As the world stands today, the future of transaction privacy does not look great. The existing landscape is dominated by traditional credit companies, who over the past decade have been steadily pushing their networks for increased access to user data. They (and their data customers) are on a track to getting SKU level data of every purchase everyone makes everywhere. There are other contenders, such as regional online payments networks (like Venmo in the US), but the data story there is similar.
This is not a future we are particularly excited about. At Signal, we want to help build a different kind of tech – where software is built for you rather than for your data – so these are trends that we watch warily.
Simultaneously, there has been growing interest in cryptocurrency as an alternative payments infrastructure, and some projects within that space are building with privacy in mind. Many have noted that there is the potential to build a payments network with the user experience of Venmo, but with support across borders, and a privacy model that ensures your data stays in your hands.
Unfortunately, in the past decade, this has failed to substantially emerge. Much of the energy in the cryptocurrency space seems to have been channeled into other directions like asset speculation/finance. It’s still rare to find cryptocurrency projects that start with UX as a first principle.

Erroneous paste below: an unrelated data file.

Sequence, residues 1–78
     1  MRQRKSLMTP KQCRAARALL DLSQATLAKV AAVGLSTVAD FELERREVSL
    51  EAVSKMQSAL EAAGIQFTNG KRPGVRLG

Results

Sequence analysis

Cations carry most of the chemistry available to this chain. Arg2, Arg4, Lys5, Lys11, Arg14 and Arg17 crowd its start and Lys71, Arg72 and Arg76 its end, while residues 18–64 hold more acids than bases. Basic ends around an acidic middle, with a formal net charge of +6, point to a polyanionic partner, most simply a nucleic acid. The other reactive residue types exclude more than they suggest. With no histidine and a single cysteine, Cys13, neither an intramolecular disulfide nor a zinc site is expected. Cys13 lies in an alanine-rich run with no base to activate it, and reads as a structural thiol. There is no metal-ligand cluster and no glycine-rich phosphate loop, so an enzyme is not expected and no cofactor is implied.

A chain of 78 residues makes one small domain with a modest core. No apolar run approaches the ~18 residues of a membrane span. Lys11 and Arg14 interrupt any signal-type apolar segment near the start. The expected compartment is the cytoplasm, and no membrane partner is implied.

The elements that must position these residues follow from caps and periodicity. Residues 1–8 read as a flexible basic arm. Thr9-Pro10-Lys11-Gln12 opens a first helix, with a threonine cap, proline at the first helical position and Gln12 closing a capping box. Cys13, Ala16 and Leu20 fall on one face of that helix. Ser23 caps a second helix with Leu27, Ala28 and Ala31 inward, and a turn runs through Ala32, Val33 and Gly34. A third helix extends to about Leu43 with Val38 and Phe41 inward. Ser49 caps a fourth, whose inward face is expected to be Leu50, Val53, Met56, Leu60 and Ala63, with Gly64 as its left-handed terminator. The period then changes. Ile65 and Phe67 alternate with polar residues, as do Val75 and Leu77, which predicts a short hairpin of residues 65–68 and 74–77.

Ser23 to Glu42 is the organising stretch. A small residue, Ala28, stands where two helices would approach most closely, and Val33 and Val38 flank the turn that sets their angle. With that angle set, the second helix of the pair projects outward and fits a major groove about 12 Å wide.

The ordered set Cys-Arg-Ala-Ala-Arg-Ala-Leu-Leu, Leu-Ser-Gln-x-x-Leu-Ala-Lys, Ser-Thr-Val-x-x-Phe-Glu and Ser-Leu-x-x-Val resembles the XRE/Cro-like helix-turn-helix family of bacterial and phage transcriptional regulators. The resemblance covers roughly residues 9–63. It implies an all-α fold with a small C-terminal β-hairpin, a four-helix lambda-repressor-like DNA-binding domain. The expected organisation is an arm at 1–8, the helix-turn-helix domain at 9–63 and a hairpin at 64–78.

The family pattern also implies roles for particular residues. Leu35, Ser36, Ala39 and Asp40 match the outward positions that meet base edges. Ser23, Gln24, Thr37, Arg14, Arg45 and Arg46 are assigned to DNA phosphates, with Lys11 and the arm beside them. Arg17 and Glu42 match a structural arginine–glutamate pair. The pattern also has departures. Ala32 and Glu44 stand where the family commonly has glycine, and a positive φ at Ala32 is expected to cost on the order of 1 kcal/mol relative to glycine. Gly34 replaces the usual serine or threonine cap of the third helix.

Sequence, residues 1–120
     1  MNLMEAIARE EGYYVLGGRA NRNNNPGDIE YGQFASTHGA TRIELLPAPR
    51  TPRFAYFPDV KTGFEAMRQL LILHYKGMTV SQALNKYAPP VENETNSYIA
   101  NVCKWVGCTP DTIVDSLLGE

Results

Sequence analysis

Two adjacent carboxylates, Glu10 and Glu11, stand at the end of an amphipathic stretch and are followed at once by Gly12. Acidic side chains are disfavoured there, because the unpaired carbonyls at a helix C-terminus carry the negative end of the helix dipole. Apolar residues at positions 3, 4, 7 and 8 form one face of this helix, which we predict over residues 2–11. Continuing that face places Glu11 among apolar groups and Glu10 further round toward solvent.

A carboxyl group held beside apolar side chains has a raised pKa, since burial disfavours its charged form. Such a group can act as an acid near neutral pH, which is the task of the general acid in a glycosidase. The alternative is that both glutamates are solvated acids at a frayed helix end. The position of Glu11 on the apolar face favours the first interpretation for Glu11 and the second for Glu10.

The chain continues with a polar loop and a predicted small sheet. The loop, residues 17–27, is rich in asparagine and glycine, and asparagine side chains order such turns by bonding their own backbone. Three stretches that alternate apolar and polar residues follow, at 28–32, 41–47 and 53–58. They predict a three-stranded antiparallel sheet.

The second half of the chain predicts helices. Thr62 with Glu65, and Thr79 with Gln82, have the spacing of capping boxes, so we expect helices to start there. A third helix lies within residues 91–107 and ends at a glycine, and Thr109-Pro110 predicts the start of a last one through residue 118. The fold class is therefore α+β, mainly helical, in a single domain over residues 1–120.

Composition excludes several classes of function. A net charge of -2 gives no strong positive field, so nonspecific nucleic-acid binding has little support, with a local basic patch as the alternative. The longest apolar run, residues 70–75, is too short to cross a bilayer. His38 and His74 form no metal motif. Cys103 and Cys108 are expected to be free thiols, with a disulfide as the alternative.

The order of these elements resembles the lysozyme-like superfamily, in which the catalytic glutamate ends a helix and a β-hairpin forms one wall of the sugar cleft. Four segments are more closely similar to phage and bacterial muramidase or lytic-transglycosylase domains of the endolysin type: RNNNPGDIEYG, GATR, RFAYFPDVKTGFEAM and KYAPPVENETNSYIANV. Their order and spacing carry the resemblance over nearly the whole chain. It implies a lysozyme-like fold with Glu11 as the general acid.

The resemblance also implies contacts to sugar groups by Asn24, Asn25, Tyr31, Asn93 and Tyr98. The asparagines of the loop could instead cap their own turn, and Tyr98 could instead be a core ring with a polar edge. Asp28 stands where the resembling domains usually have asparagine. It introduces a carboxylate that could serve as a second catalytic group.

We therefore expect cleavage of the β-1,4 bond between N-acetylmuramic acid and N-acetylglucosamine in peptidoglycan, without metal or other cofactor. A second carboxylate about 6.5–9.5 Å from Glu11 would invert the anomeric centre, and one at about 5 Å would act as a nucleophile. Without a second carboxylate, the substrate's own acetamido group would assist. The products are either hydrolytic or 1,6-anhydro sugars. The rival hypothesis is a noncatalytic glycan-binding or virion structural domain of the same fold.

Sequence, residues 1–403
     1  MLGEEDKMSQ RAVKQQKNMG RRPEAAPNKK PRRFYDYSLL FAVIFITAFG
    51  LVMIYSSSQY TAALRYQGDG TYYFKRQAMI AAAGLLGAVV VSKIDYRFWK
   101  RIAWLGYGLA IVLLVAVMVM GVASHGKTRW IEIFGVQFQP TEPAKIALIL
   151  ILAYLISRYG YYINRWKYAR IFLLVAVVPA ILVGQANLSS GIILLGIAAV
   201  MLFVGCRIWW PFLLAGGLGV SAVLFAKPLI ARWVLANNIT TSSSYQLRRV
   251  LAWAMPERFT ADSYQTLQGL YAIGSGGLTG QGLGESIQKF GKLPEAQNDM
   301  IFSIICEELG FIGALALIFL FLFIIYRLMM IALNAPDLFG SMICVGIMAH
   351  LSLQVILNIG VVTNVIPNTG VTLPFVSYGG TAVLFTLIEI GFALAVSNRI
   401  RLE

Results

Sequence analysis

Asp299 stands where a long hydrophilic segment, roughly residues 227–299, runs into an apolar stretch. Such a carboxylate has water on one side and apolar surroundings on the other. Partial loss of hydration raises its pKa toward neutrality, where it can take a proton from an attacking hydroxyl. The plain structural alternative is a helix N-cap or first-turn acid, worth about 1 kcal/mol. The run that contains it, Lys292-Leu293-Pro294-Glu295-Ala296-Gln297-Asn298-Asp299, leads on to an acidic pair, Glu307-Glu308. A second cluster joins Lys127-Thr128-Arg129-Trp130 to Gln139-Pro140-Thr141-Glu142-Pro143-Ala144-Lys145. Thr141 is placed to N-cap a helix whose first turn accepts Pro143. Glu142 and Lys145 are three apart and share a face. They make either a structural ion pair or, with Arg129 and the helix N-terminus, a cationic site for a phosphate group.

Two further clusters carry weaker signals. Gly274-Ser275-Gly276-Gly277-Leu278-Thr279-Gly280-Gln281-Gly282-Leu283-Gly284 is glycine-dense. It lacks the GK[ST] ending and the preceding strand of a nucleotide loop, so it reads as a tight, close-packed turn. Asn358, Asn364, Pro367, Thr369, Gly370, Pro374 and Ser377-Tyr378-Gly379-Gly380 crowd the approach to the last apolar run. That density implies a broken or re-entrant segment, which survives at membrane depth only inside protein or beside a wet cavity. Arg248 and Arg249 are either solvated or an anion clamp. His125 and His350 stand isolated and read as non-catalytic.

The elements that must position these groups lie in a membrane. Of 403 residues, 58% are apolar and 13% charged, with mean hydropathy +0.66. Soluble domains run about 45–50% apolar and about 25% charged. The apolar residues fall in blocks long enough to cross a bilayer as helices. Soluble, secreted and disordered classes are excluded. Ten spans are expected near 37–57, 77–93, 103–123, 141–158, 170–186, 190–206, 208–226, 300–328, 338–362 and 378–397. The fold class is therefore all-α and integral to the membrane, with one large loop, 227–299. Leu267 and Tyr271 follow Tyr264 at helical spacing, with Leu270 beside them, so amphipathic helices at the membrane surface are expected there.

The only exception may be Facebook, who appears ready to emerge with technology that will deliver on this promise — though not in the way everyone had hoped (notably, on privacy). The “alternative future” has been shaping up so that it may, very unfortunately, be Facebook.
Alternative, alternative futures
Signal has often been asked if we can build something to support this kind of payments use case for a better alternative future (one that isn’t dominated by big tech). While Facebook can absorb the risk and overhead of building a cryptocurrency protocol from the ground up, that would be a significant risk and endeavor for a team our size. Rather than take that on directly, we can include linked support for existing separately built and maintained cryptocurrency wallets (a “non-custodial wallet,” in cryptocurrency parlance) that allow people to interact with existing payments networks.
This is similar to other Signal integrations like using GIPHY for GIF search, and would allow Signal to help make private payments a reality while maintaining our focus.
Just as GIPHY has to work well from within Signal for it to make sense in Signal, any cryptocurrency wallets that we include support for also have to work well from within Signal. This would mean:
- Integration is “non-custodial”: Signal does not have access to your keys or your funds; that information remains associated with your own wallet.
- Like everything else in Signal, data is private: all your data stays in your hands rather than being visible to others.
- Transactions are fast: like Venmo, it can only take a few seconds to send a transaction.
- Everything works well on mobile: it can’t require downloading and scanning all ongoing transactions in order to find your own.